Factors that affect how much training load a runner can tolerate before injury will also have a role. There are 2 key factors that appear to play a part in this – Body composition (ie obesity, I personally dislike the BMI measurement but that is another blog article!) and history of previous injury, especially in the last 12 months. While high body fat and previous injury may reduce the amount of running your body can manage, strength and conditioning is likely to increase it. There is a growing body of evidence supporting the use of strength training to reduce injury risk and improve performance. Training error and injury risk share a complex relationship – it may not be that total running mileage on its own is key but how quickly this increases, hill and speed training. The old saying of “too much, too soon” has an accurate foundation. Injury prevention is really a ‘mirror image’ of the causes of an injury. So, if you understand the primary reasons for getting injured then you are heading in the right direction to staying healthy this running season. You can find out more on injury prevention, with recommended exercise leaflets, at the following link.
We have produced a series of prevention and treatment guides for the 6 most common running injuries which you can download here (http://bit.ly/2RReXDw)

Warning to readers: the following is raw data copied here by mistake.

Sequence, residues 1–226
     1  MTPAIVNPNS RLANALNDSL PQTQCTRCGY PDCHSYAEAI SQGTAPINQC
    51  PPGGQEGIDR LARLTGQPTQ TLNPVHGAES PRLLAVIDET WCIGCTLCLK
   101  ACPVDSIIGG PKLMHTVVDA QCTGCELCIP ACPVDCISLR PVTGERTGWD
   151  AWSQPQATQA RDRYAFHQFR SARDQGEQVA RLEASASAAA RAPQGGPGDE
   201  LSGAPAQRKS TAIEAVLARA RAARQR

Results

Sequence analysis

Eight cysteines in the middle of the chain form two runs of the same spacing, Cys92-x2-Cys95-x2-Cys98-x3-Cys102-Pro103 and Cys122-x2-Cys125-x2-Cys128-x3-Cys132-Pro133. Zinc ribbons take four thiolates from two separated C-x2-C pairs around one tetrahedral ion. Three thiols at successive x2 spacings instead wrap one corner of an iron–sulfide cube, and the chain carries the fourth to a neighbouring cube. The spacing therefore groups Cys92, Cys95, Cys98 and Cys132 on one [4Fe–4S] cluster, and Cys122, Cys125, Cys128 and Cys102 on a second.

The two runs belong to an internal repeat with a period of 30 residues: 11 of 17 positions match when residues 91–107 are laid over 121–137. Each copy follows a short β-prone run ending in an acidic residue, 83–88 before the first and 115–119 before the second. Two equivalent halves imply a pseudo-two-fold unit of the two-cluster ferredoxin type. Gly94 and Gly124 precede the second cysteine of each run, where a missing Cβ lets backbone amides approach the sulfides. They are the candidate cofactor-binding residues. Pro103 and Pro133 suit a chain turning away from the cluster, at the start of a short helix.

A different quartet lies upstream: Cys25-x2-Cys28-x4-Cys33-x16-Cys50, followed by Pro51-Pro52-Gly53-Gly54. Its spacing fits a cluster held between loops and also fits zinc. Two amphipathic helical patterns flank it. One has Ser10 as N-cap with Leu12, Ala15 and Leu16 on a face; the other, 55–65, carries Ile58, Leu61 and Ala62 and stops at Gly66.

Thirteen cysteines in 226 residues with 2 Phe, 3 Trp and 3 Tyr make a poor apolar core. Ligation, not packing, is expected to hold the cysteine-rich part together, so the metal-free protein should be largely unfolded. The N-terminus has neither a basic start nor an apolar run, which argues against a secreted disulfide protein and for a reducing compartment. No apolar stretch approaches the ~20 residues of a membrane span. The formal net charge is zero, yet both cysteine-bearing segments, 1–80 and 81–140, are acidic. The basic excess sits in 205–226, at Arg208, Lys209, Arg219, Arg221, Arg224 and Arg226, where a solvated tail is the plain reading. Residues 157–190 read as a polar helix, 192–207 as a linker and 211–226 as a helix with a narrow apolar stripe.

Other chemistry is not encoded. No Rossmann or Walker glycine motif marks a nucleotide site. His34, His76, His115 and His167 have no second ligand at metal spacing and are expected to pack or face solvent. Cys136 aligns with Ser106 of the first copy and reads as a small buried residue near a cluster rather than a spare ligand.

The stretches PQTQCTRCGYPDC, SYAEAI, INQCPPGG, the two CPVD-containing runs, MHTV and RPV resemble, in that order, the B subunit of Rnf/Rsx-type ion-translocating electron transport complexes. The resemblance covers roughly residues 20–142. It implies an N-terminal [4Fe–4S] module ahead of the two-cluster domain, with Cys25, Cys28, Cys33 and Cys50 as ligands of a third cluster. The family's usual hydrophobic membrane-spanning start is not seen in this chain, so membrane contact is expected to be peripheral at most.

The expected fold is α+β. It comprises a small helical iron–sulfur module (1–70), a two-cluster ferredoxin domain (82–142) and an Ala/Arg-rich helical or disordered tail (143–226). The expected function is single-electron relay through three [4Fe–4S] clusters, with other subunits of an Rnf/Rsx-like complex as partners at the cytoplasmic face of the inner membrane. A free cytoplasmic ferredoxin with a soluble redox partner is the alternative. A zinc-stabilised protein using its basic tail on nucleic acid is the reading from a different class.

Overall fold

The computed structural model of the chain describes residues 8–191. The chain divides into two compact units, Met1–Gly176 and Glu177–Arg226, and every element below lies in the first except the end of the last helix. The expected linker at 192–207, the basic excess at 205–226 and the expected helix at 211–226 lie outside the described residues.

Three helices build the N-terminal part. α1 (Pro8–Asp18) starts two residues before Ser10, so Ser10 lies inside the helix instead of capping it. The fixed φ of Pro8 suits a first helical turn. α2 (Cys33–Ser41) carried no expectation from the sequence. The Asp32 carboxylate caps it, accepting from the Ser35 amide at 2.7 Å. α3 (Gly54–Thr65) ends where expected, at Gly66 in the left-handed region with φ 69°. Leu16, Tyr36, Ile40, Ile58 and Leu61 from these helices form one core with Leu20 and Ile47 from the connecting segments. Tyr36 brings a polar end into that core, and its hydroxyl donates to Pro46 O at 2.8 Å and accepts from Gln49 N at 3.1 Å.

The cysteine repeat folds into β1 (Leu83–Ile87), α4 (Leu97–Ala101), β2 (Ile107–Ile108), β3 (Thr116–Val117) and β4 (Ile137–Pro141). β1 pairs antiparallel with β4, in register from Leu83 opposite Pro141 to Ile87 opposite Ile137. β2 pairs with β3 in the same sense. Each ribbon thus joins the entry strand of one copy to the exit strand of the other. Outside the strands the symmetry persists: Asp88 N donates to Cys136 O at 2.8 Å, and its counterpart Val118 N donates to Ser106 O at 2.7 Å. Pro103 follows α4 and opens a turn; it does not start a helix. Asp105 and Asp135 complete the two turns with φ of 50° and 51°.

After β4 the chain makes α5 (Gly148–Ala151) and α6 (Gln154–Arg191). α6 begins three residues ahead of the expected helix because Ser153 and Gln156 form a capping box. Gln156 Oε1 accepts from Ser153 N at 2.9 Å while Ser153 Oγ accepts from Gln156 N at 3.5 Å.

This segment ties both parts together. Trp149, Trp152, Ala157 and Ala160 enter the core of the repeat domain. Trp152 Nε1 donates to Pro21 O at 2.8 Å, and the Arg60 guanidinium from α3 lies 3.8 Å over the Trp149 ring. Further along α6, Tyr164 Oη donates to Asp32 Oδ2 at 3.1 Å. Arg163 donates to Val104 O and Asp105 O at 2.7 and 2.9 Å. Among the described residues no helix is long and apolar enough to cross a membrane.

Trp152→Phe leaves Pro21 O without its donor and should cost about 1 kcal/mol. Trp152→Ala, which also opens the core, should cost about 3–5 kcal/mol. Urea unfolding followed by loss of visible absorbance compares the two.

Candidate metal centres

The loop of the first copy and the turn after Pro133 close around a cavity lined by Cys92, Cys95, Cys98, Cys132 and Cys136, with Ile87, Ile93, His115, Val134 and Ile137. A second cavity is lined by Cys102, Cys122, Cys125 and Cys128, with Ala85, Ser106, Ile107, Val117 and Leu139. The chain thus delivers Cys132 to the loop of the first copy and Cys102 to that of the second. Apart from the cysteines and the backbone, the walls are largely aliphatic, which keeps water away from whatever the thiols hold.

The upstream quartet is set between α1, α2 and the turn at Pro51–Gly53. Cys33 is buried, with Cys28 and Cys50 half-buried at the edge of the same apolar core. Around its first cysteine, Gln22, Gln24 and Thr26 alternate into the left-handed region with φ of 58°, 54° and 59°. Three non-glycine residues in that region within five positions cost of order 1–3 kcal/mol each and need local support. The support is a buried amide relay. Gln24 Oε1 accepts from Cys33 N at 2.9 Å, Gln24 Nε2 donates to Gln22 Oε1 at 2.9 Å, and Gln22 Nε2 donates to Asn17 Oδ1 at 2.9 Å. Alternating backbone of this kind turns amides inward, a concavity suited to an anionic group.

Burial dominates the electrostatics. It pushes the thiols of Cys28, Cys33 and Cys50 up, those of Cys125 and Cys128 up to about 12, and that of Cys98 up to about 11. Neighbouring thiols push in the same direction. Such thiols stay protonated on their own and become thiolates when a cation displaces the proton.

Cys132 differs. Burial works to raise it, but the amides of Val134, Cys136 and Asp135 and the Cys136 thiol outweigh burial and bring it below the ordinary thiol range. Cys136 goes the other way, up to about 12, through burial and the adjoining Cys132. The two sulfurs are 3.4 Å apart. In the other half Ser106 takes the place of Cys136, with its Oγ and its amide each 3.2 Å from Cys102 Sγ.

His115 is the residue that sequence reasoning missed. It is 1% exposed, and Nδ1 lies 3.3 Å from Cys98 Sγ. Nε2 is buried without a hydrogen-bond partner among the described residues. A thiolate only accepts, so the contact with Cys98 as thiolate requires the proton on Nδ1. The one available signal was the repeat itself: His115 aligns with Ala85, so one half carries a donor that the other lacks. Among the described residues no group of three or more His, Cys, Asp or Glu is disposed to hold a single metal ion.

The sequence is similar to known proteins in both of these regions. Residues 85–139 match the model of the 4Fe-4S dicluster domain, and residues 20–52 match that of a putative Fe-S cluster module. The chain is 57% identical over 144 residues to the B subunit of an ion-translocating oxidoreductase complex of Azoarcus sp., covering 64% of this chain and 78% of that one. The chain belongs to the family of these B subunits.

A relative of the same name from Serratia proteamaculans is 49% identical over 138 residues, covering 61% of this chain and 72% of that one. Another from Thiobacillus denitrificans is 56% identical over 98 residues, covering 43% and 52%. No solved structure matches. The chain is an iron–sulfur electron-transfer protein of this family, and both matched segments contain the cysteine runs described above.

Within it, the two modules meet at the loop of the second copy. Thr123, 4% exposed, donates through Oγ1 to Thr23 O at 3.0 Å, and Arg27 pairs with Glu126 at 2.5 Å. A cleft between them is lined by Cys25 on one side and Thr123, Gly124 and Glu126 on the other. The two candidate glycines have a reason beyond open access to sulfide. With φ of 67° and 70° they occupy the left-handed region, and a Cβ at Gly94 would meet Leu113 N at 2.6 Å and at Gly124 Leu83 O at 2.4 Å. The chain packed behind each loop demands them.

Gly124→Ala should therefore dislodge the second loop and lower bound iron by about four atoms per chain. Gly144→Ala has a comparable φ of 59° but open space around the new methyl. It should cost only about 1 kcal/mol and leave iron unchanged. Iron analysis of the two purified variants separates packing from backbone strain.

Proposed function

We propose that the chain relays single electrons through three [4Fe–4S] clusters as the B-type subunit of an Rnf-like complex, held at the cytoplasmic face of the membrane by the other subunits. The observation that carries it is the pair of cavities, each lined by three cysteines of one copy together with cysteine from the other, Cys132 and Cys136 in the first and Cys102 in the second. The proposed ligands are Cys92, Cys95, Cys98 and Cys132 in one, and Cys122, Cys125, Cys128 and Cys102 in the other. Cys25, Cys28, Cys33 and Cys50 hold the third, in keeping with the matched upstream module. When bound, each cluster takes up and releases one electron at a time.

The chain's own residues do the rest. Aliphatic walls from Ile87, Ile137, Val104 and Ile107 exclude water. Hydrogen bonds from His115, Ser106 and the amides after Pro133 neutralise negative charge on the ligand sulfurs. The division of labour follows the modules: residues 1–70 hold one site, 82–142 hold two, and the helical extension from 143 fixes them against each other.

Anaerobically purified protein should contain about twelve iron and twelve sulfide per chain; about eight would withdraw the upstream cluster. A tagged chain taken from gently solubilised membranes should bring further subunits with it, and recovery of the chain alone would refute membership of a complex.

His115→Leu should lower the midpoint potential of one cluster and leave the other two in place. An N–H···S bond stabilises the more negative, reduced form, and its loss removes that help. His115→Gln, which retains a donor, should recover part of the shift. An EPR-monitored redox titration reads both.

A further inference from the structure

What are The Most Common Injuries to be Aware of?
Body tissues such as muscles and tendons are continuously stressed and repaired on a daily basis, as a result of both ‘normal’ functional activities and sport. An overuse injury often occurs when a specific tissue fails to repair in the time available, begins to breakdown initially at microscopic level and then over time develops into a true injury. So, the first time you feel a soreness, a stiffness or a pain is not necessarily when it all began.
The most common injury is ‘runners knee’ or patellofemoral pain syndrome and accounts for over 40% of running injuries. This is followed closely by plantar fasciitis, achilles tendinopathy and then ITB (iliotibial band syndrome), shin splints and hamstring strain. These injuries generally need a rehabilitation plan and may include a reduction in training volume and intensity. A sports physiotherapist will help you identify the driving factor behind your issue and help you to promote tissue healing and mobility in the relevant structures. Although these are overuse injuries there is frequently an underlying muscle weakness and/or flexibility issue that needs to be addressed with specific rehabilitation exercises.
Follow this link to find more specific information about each of the most common running injuries with specific rehabilitation leaflets for you to use.
You can find our prevention and treatment guides for the following running injuries at this link:
- Medial tibial stress syndrome (shin splints)
- Patellofemoral pain (runner’s knee)
- Achilles tendinopathy
- Plantar fasciitis
- Hamstring strains
- Iliotibial band syndrome
While guidance can be given, it is general in its nature, whereas individual complaints may need individual attention. If you do pick up an injury (including ‘tightness’ ‘irritation’ or ‘niggle’) that you’re worried about then we can help, the sooner it’s treated the better.